The new age Indian woman combines tradition and new age fashion together and makes it her own. Many designers balance culture and fashionable styles together to make an everlasting impression on the world. The timeless kalamkari is usually done on organic fabrics like cotton or silk and they never go out of style. Like we always say, a blouse can change the whole concept of a sari and what better way than to add a statement with a kalamkari blouse? Kalamkari blouses are in trend right now. Think if there has ever been a day in the recent past that you have not seen those cute Buddha heads or the goddess face on blouses or kurtas or pants?
The Kalamkari art is a type of hand-painted or block-printed cotton textile, produced in Iran and India. Through the ages, it has been practised by many families in Andhra Pradesh and Tamil Nadu. It is an ancient style of hand painting done on cotton or silk fabric with a tamarind pen, using natural dyes. The word Kalamkari is derived from a Persian word where ‘kalam‘means pen and ‘Kari’ refers to craftsmanship. This art involves 23 tedious steps of dying, bleaching, hand painting, block printing, starching, cleaning and more. The Indian art is highly appreciated in the fashion world and for its breathtaking beauty and versatility. Be it handloom, kanjeevaram, cotton or a georgette sari, a kalamkari blouse blends well with all of them. The collection comprises of easy to wear silhouettes, draped pants with crop tops and jackets, layered jackets with kurta and pants, floor-length maxis and lots more. In north India, Kalamkari today is practised in Bagru, Sanganer, Palampur and Faizabad.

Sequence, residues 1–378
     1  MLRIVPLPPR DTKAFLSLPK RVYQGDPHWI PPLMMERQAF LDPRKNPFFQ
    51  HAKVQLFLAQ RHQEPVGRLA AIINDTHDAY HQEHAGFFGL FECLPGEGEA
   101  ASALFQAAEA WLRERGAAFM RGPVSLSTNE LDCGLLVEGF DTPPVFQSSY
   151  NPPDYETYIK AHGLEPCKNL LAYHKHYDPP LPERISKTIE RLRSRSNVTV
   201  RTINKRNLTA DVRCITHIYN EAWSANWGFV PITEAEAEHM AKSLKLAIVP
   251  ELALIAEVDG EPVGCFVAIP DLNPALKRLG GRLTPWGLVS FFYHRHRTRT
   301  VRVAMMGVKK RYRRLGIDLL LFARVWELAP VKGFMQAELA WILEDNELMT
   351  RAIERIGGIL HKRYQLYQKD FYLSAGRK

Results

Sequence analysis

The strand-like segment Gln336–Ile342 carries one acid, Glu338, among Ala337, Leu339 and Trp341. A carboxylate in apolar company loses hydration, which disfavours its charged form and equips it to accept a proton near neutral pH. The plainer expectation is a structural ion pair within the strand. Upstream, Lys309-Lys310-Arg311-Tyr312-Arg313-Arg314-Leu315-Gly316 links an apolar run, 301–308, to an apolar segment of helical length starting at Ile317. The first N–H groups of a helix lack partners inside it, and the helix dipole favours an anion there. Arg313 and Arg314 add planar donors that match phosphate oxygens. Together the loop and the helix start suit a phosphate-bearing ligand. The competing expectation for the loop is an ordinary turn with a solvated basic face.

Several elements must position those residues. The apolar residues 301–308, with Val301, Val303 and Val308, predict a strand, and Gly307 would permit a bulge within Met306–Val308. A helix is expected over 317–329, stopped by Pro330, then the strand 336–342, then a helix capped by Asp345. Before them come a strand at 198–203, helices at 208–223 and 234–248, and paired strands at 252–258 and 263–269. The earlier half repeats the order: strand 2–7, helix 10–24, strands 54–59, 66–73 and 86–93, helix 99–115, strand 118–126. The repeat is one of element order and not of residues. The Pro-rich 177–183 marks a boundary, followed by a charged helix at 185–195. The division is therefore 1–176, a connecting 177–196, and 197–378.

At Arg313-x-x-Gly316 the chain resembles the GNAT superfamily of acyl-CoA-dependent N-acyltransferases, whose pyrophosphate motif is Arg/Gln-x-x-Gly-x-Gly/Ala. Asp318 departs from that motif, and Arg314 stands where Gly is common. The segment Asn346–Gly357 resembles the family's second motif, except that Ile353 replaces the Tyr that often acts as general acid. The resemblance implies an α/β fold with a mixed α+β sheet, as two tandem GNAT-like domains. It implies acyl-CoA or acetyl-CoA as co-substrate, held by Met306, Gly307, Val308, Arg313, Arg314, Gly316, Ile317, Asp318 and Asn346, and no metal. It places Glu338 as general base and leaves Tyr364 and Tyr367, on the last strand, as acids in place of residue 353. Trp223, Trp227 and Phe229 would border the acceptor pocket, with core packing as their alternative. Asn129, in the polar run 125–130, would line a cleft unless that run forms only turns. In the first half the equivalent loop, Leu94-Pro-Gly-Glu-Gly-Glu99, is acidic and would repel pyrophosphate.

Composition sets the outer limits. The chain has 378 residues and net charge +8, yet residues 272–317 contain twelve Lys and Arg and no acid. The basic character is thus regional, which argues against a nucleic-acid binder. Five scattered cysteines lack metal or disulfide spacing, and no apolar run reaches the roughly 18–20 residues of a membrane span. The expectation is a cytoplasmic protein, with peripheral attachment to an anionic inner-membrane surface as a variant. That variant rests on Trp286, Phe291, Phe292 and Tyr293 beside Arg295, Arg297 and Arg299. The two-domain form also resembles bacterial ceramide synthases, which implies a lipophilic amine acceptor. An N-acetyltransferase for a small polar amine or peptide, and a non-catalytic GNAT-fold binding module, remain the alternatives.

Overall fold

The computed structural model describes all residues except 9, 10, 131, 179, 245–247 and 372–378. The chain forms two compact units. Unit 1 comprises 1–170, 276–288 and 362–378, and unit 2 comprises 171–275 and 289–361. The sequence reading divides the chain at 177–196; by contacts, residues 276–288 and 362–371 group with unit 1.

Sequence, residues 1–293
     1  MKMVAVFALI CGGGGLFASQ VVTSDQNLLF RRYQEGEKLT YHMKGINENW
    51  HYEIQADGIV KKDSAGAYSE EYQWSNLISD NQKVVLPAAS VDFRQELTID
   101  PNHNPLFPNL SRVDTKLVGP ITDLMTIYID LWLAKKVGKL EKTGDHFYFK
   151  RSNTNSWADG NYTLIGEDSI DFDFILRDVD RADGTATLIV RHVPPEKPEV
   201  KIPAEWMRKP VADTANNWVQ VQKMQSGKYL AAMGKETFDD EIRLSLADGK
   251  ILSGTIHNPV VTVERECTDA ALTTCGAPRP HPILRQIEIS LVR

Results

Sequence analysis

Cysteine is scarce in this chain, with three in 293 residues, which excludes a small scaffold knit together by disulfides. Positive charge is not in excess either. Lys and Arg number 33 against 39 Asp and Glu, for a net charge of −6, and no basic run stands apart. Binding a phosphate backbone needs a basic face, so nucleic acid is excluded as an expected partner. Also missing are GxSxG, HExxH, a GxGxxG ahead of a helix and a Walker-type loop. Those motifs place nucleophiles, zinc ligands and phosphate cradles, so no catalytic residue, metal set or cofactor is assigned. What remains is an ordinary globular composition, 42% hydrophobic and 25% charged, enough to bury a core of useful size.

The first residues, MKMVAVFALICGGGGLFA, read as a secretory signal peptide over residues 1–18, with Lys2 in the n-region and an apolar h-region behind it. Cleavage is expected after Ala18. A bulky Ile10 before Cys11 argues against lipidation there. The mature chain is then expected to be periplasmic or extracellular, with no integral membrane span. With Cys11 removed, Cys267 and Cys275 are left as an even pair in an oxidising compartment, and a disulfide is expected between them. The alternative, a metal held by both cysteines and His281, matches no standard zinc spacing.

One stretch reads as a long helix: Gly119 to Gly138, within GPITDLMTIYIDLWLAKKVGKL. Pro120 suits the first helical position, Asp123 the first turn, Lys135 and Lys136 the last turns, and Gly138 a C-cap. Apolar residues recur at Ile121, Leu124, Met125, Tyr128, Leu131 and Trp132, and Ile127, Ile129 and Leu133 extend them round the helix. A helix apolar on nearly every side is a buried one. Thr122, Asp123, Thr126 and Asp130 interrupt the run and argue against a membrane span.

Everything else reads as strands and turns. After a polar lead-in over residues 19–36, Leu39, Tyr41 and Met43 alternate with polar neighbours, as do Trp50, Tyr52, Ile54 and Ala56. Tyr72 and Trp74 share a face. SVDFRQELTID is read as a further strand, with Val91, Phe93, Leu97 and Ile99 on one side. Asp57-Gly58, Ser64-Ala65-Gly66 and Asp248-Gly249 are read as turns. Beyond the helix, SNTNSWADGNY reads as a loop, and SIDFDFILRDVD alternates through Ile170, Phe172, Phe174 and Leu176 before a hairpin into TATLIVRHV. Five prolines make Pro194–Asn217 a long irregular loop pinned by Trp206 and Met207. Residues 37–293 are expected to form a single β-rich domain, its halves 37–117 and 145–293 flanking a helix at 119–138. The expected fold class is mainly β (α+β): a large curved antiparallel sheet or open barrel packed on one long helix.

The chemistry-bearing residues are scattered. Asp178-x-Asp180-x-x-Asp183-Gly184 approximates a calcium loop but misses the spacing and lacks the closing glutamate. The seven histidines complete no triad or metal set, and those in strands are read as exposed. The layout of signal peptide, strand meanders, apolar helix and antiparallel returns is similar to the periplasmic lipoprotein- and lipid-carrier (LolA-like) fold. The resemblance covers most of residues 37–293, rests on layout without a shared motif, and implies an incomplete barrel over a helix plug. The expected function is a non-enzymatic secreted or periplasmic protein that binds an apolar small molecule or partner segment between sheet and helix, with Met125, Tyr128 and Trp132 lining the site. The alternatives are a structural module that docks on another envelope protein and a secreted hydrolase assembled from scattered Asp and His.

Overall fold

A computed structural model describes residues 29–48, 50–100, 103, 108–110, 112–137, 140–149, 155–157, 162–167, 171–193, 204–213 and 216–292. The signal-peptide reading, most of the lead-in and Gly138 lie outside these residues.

The process of making Kalamkari involves 23 steps. From the natural process of bleaching the fabric, softening it, sun drying, preparing natural dyes, hand painting, to the processes of air drying and washing, the entire procedure is a process which requires precision and an eye for detailing. Incorporating minute details, the kalamkars use ‘tamarind twig’ as a pen, to sketch beautiful motifs of Krishna Raas-Leela, Indian god and goddesses like Parvati, Vishnu, Shri Jagannath; designs of the peacock, lotus; and scenes from the Hindu epics like Mahabharata and Ramayana.
The design aesthetic is elegant yet stylish, with heavy use of silks. The collection breathes in a new lease of life into any woman’s wardrobe. Kalamkari art primarily uses earthy colours like indigo, mustard, rust, black and green. Natural dyes used to paint colours in kalamkari art is extracted for natural sources with no use of chemicals and artificial matter. This kalamkari collection has pieces that are easy to style, yet unique enough to make all heads turn at a party.
Types of Kalamkari
There are two identifiable styles of kalamkari art in India – Srikalahasti style and Machilipatnam style. In the Machilipatnam style of kalamkari, motifs are essentially printed with hand-carved traditional blocks with intricate detailing painted by hands. On the other hand, Srikalahasti style of painting draws inspiration from the Hindu mythology describing scenes from the epics and folklore. This style holds a strong religious connect because of its origin in the temples.
Present Day Scene
From the first representation of kalamkari art as religious paintings, depicting Indian gods and goddesses to the process of gaining recognition during the reign of Mughal dynasty, and till today when Andhra Pradesh is the largest producer of kalamkari; this art has come a long way.
In the past decade, due to the tedious technique involved in its making, kalamkari art was losing its shine. The appearance of high on technology machine looms and printed textiles also escalated the extinction process of this art. But it was the fashion designers of the Indian fashion industry who came together to revive this art and helped artisans working this art in the state of Andhra Pradesh.